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Generator Safety

Standby or Emergency Generators

Generator
Gasoline Generator

We usually take electric power for granted, until we lose power due to an outage. Usually power is restored within a few hours, but during major ice storms, wind storms, or other disasters, it could take several days or longer for power company crews to restore power to everyone.

Inexpensive emergency back-up generators are available from home centers, mail order, and internet sources, so many of us keep a generator around for use when the power goes out.
Backup generators are handy, but they can also create a dangerous situation if not connected properly to your home’s electrical wiring.

Generators are sometimes permanently attached to the home wiring. If the connection to the home wiring is not done correctly, then the generator can feed into BARC’s power system and can electrocute linemen who are working to restore power.

Generators should never be connected to a home electrical outlet and should not be directly connected to the circuit breaker panel. Generators should only be connected to the home through what is called a “double pole, double throw switch”, sometimes called a two-way transfer switch. A qualified electrician can properly do this work. BARC’s responsibility for electric service ends at the meter, so we cannot know when or if you have installed a generator and we cannot know if the installation was done in accordance with the National Electric Code. Refer your electrician to the National Electric Code 700.6 and 702.6.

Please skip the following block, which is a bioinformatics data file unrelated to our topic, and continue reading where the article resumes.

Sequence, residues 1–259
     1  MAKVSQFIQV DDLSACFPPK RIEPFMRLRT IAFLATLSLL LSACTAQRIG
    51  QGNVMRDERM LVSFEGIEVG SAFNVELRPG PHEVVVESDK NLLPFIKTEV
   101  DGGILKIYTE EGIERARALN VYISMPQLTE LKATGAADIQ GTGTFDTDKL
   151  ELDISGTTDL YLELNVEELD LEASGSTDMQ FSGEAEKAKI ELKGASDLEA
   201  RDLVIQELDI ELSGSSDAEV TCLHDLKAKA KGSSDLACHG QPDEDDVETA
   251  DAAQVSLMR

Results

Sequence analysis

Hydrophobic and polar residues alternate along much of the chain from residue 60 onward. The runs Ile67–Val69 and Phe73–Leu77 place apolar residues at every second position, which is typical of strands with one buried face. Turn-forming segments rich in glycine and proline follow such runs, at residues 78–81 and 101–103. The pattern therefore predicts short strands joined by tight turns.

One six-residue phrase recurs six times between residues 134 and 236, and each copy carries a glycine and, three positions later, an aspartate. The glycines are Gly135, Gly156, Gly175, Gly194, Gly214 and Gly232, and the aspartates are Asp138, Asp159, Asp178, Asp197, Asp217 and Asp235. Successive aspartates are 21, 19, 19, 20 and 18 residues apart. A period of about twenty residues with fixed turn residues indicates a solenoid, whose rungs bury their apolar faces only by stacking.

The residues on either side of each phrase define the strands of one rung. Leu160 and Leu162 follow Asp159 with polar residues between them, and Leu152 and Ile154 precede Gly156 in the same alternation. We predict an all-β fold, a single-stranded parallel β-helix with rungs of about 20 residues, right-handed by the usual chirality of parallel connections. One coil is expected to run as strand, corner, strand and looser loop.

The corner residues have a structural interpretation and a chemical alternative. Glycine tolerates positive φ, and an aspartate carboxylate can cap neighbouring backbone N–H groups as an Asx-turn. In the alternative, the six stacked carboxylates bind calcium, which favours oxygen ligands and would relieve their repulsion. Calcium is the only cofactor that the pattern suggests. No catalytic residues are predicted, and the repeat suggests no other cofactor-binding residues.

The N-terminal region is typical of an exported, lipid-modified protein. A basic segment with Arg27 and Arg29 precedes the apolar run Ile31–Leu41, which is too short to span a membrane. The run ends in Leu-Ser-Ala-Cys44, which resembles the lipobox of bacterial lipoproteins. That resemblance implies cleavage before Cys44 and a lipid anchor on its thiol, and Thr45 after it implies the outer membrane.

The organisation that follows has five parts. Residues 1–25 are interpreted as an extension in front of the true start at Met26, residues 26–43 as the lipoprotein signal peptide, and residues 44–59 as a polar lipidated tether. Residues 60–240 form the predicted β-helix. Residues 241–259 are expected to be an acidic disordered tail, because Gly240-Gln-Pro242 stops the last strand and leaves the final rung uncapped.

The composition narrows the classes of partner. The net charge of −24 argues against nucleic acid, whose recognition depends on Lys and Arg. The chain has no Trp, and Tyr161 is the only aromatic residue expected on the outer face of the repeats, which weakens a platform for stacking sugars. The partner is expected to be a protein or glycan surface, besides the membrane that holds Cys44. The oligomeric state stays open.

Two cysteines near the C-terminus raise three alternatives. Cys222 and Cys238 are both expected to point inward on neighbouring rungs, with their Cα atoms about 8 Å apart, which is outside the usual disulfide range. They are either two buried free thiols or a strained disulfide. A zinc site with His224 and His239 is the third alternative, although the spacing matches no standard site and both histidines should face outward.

There is another reason for using a qualified electrician to do the work. If you plug your generator directly into a wall outlet, then the wiring in your house is no longer protected by a circuit breaker or fuse in your power panel. The wiring could become overloaded, overheat, and start a fire in your house.

Finally, the diesel or gasoline engine that drives an emergency generator has carbon monoxide in the exhaust. Carbon monoxide is a colorless, odorless gas that can be deadly. Always consult the owner’s manual or operator’s manual for your generator regarding proper placement of the generator.

BARC personnel are ready and willing to advise you regarding the installation of an emergency electric generator.  Please call us at any time.

The following information may help you better understand the subject of emergency or backup generators and may help you determine the right solution for your home or business.

Fixed or Stationary Generators

Large, fixed generators are usually directly connected to building wiring to provide standby power during emergencies and power outages. However, the wiring needs to be properly installed by a qualified electrical contractor. Properly installing a “permanent” generator is extremely dangerous, and not a “do it yourself” job. If you plan to have this type of generator installed, you may need to obtain an electrical permit from your local electrical or building inspector’s office. Typical installations are described and pictured below.

Portable Generators

Small portable generators are available from most home supply stores. The capacity of this class of generator is usually too small to power the entire household, but is adequate to handle some combination of necessary loads such as a well pump, outdoor wood stove fans and circulators, a refrigerator or freezer, etc. As mentioned above, generators should NEVER be plugged into an outlet to “back feed” your house. Doing so will create the likelihood that your home wiring will become overloaded and overheat, representing a significant risk of fire. You may also energize the “dead” power lines outside of your house, creating life-threatening safety risk for linemen who are not expecting the lines to be “hot”.

“Back Feeding” - a dangerous condition

Improperly connecting a portable generator to electric wiring can produce “back feed”- a dangerous current that can electrocute or critically injure you or others. Back feed into power lines from a generator could create “hot” power lines during an outage. Linemen who expect the line to be de-energized could be injured. One good way to avoid back feeding is to install a double-pole, double-throw transfer-switch gear. A qualified electrical contractor can install this transfer switch so that a dangerous back feed can be prevented.